Two-coloured invisible ink

I bought another red cabbage last week, so have been thinking of some different ways to use the purple cooking liquid.  In our usual indicator experiment, we use red cabbage to show us whether a liquid is acidic or alkaline.  This works because red cabbage contains anthocyanins, and the proportion of different forms of the anthocyanin molecules (which appear different colours) depends on the pH. In an acidic environment the red cabbage liquid turns bright pink and in the presence of an alkali it is blue/green.

Red cabbage is so pretty, even before we use the leftover anthocyanins as indicator.

We've recently experimented with different ways to use turmeric for revealing invisible ink.  The curcumin in turmeric turns purple when it's added to an alkali, but remains yellow in the presence of an acid.  This means that you can draw a hidden picture with alkali (bicarbonate of soda solution) and your child can paint with curcumin solution to discover the hidden picture. We had lots of fun with this, and a less messy alternative of dyeing cotton with turmeric and painting pictures with bicarbonate of soda solution and making them disappear again with acid (vinegar).

I thought it might be possible to harness the greater colour changing ability of red cabbage liquid to reveal a two-coloured invisible ink picture with a purple background.  This would work if it was drawn with both as acidic and alkaline invisible inks.

I had a go at drawing a picture with both acid (spirit vinegar) and bicarbonate of soda solution on paper, letting it dry, and then getting the small boy to brush red cabbage cooking liquid left over from dinner over it.  The bicarbonate of soda turned it blue where it was painted.  However, the vinegar gave a very feeble colour change and the pink didn't stay localised to where the vinegar was drawn on the paper. I tried with kitchen roll in place of paper and the pink was brighter (I suspect because the pH of the paper was a little lower), and it was nice to see both colours and for him to tell me where he'd found acid and alkali, but because the paper is so absorbent, all the liquids spread a long way and it didn't really work for visualising a picture or hidden message because it was all so fuzzy.  I thought that there must be a way to make it work, and eventually - after testing various types of paper and cotton wool pads, as well as experimenting with different acids - I hit upon a combination that worked nicely...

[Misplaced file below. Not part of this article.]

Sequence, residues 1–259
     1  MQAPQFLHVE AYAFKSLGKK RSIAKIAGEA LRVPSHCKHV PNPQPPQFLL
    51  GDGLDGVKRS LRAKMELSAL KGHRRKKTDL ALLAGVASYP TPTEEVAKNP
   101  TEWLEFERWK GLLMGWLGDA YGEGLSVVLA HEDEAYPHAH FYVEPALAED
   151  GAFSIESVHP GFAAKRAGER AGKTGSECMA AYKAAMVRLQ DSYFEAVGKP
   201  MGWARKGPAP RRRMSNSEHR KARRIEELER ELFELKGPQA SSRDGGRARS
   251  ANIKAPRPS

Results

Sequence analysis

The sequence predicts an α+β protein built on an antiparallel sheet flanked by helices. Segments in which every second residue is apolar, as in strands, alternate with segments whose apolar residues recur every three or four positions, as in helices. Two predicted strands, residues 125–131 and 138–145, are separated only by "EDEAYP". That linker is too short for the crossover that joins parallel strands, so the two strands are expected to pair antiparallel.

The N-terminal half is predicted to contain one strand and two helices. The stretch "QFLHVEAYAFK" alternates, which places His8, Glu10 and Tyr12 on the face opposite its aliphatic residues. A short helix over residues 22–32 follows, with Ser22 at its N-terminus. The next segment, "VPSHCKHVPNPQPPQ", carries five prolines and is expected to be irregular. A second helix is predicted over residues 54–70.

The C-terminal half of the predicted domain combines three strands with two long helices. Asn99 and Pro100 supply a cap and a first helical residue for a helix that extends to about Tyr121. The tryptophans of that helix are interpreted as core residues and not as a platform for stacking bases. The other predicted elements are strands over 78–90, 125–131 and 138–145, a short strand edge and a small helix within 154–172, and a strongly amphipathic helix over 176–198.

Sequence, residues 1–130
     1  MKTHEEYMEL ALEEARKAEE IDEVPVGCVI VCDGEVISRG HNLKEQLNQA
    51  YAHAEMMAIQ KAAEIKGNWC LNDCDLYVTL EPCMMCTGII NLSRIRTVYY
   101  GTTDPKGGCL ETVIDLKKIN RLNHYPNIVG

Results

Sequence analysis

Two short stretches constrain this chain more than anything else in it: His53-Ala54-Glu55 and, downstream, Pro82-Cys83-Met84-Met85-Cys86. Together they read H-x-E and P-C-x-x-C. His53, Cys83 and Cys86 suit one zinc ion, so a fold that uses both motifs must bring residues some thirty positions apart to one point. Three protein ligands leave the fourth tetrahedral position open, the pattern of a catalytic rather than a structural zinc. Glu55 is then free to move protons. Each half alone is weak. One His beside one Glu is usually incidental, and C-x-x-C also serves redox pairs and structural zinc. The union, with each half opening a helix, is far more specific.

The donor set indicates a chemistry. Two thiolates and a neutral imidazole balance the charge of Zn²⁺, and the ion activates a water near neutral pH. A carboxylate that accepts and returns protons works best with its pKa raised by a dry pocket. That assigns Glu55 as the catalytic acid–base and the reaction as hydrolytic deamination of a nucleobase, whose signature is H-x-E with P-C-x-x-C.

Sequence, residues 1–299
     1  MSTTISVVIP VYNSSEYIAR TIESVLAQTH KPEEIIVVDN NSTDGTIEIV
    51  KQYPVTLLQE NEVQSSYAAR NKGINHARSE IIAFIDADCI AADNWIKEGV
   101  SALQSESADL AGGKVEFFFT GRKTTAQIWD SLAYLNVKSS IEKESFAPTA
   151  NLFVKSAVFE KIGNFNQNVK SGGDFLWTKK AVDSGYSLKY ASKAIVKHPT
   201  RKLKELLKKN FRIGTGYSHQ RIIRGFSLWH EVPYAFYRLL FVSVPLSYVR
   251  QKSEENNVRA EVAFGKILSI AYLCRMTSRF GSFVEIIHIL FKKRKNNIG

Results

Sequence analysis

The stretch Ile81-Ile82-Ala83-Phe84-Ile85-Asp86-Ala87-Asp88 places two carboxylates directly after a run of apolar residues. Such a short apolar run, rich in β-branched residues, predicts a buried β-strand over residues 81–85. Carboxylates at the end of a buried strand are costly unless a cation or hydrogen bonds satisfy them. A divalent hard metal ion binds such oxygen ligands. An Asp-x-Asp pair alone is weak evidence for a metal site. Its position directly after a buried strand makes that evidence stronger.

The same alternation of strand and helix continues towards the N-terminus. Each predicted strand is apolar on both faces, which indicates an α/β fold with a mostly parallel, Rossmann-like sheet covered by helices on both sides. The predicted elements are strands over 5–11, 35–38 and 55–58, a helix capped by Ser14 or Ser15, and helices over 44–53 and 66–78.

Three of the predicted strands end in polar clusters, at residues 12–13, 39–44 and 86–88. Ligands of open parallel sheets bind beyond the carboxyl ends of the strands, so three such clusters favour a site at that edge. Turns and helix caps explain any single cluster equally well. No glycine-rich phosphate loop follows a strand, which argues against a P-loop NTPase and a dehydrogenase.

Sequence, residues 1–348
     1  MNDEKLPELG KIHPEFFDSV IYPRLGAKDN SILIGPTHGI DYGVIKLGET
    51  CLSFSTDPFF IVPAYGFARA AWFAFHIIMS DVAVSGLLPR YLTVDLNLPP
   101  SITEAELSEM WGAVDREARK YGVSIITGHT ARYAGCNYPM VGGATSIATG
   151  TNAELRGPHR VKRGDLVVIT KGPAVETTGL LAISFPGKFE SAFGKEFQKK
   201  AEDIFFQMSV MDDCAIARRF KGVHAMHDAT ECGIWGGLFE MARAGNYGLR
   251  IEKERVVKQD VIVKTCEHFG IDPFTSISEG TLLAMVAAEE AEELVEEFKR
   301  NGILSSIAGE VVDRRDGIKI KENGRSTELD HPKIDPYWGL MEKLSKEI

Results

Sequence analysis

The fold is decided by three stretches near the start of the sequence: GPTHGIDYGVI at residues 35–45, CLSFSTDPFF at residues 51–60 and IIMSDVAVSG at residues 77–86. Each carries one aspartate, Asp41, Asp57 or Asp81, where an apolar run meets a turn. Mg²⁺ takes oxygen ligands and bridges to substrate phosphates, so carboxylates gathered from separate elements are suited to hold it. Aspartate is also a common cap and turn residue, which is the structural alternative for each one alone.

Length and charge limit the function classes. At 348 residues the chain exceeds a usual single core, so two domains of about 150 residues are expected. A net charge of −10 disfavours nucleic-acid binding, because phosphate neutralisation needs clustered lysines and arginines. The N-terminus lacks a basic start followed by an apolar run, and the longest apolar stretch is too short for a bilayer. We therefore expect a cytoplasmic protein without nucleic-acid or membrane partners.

The best combination I found was to use concentrated citric acid solution (I'd bought some citric acid to make the bath fizzy, and used a very small amount of this) and concentrated bicarbonate of soda solution for the two types of invisible ink. I checked with some pH paper, and the citric acid solution was about pH 2 whereas the vinegar I'd tried was only pH 4, so there is a good reason why the citric acid worked more effectively. The other key to success was to use fairly absorbent paper; IKEA's children's drawing paper (sold as MÅLA in the UK) was the best we had, but shiny white printer paper didn't work well. I drew the picture with a cotton bud dipped in the 'ink', but a fine paintbrush would work just as well.

I've joined the #mathmondayfun team on Instagram and this week's theme for play is 'can you find a number'. I thought we could use the two colour invisible ink for revealing hidden numbers (as well as some other pictures I'd drawn of things he likes).  For our numbers, I decided to make use of the two colours to distinguish between odd and even numbers.  Odds and evens are something we've talked about quite a bit recently as the small boy enjoys spotting house numbers when we're out and about, and our local streets are all numbered with odd houses on one side and evens on the other. I also painted some dice spots, again with the acidic ink for odds and the alkaline for evens. The small boy enjoyed discovering the numbers and telling me if they are odd or even, and counting the spots then matching them to their corresponding numbers. He needed a little encouragement to paint all 12 pieces of paper (in hindsight maybe too many!) but he got there after about 20 minutes! By the time he'd finished, some of the early ones were going a little blurry, but overall it worked pretty much as I intended and led to some nice counting, conversations about numbers and about acids and alkalis.

Revealing the hidden numbers

Odds are pink, evens are blue/green

It felt like this was a nice extension to our previous invisible ink play, with a bit more potential for creativity as well as science. I suspect we will come back to this again pretty soon, although if only the small boy would actually eat the red cabbage, I'd be tempted to buy it more often.